When we think of space, we often think of the vast emptiness of the next frontier. Unfortunately, that’s starting to change. There are more than 500,000 pieces of man-made trash floating above the Earth making “the next frontier” more of a hostile obstacle course for astronauts and satellites. The more we launch up there, the more difficult space travel becomes.
Objects as small as paint flecks and as large as defunct satellites can sometimes move in unpredictable patterns at speeds up to 17,500 mph. This debris poses a massive risk to working satellites, spacecraft, and even astronauts. Coming in contact with a single rogue piece can cause immense damage. In 2009, for example, a defunct Russian satellite collided with an operating US satellite. The result was billions of dollars in damage and hundreds of pieces of potentially dangerous debris.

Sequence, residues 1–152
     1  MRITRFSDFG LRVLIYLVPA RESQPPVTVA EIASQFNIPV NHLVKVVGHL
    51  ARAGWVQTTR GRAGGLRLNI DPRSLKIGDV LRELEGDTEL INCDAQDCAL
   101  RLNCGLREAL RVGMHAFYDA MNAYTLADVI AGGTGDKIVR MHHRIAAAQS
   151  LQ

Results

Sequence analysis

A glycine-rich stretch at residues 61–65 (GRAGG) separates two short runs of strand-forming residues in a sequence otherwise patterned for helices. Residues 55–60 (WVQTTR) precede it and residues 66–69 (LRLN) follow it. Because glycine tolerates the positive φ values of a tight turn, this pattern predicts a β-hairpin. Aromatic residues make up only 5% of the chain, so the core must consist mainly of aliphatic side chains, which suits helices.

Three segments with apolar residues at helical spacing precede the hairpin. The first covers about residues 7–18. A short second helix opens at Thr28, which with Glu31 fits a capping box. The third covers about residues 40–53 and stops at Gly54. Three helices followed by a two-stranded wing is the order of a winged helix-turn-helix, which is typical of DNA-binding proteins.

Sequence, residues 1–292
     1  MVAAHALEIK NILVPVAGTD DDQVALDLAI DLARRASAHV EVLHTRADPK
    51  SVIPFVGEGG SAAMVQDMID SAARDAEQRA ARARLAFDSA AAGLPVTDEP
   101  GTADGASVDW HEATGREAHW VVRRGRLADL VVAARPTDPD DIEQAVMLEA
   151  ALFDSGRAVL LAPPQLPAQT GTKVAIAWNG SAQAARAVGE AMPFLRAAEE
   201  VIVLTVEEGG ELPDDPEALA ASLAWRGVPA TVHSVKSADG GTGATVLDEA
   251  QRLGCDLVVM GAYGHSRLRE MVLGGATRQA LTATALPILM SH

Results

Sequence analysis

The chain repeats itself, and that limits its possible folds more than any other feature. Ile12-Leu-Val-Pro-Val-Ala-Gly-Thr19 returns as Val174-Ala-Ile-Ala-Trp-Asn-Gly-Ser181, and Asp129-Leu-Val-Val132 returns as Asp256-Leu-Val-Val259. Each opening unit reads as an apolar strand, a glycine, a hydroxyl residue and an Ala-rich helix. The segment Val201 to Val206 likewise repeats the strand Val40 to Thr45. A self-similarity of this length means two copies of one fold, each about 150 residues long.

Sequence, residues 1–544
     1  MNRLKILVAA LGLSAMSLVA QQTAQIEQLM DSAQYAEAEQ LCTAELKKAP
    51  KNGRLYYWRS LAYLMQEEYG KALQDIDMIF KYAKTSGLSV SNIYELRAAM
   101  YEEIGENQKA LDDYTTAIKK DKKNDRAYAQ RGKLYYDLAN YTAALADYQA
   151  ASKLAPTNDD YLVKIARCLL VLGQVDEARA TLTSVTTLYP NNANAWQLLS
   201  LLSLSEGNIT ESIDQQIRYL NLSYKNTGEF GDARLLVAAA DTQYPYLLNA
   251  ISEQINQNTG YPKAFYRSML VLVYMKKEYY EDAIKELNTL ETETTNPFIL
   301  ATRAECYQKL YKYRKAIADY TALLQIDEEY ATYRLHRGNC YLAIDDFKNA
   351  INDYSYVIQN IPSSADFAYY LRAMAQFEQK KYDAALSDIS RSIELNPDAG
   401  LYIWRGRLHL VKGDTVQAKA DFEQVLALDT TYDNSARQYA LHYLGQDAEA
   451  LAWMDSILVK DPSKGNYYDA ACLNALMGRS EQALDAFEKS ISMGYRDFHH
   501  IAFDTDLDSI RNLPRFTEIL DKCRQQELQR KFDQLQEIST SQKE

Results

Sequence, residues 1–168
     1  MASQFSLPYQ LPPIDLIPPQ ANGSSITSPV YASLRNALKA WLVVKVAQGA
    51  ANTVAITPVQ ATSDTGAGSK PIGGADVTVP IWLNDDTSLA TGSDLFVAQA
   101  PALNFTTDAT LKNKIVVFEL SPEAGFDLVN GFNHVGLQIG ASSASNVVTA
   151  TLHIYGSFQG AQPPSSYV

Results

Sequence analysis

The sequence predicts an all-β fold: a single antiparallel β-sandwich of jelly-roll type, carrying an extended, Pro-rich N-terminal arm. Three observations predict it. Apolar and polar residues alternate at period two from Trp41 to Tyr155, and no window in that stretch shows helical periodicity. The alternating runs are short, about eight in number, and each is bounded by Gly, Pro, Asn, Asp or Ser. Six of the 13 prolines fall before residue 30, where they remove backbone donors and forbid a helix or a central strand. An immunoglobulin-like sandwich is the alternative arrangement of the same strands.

Organizations like NASA scrambled to quickly track the pieces and avoid future collisions. So far, there haven’t been any human casualties. But as lower Earth orbit gets more and more crowded, the risk of a collision increases, making tracking the locations of this space junk vitally important for space exploration.
When 15-year-old space enthusiast Amber Yang first heard about the increasingly dangerous environment in lower earth orbit, she decided to take action. During her winter break at school, she spent time learning the ins and outs of astrophysics, coding, and space junk. Her final product was Seer Tracking, an AI-based orbital debris tracking program that she says may be the most accurate in the world.
Now, 19 and a physics major at Stanford University, she’s continually developing and perfecting Seer in hopes of protecting the future of space exploration.
Check out the video above to learn more about space debris, Amber, and Seer tracking. You can find this video and all of Vox’s videos on YouTube. Subscribe for the latest.